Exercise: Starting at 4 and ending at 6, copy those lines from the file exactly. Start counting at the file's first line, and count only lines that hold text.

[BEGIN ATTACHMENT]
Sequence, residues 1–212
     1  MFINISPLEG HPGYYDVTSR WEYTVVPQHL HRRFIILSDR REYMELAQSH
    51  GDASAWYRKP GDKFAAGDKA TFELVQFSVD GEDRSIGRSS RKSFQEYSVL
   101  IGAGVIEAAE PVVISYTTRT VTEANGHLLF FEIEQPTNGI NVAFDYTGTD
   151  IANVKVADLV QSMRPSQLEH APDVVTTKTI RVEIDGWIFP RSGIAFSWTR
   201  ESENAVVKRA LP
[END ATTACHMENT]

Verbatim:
   101  IGAGVIEAAE PVVISYTTRT VTEANGHLLF FEIEQPTNGI NVAFDYTGTD
   151  IANVKVADLV QSMRPSQLEH APDVVTTKTI RVEIDGWIFP RSGIAFSWTR
   201  ESENAVVKRA LP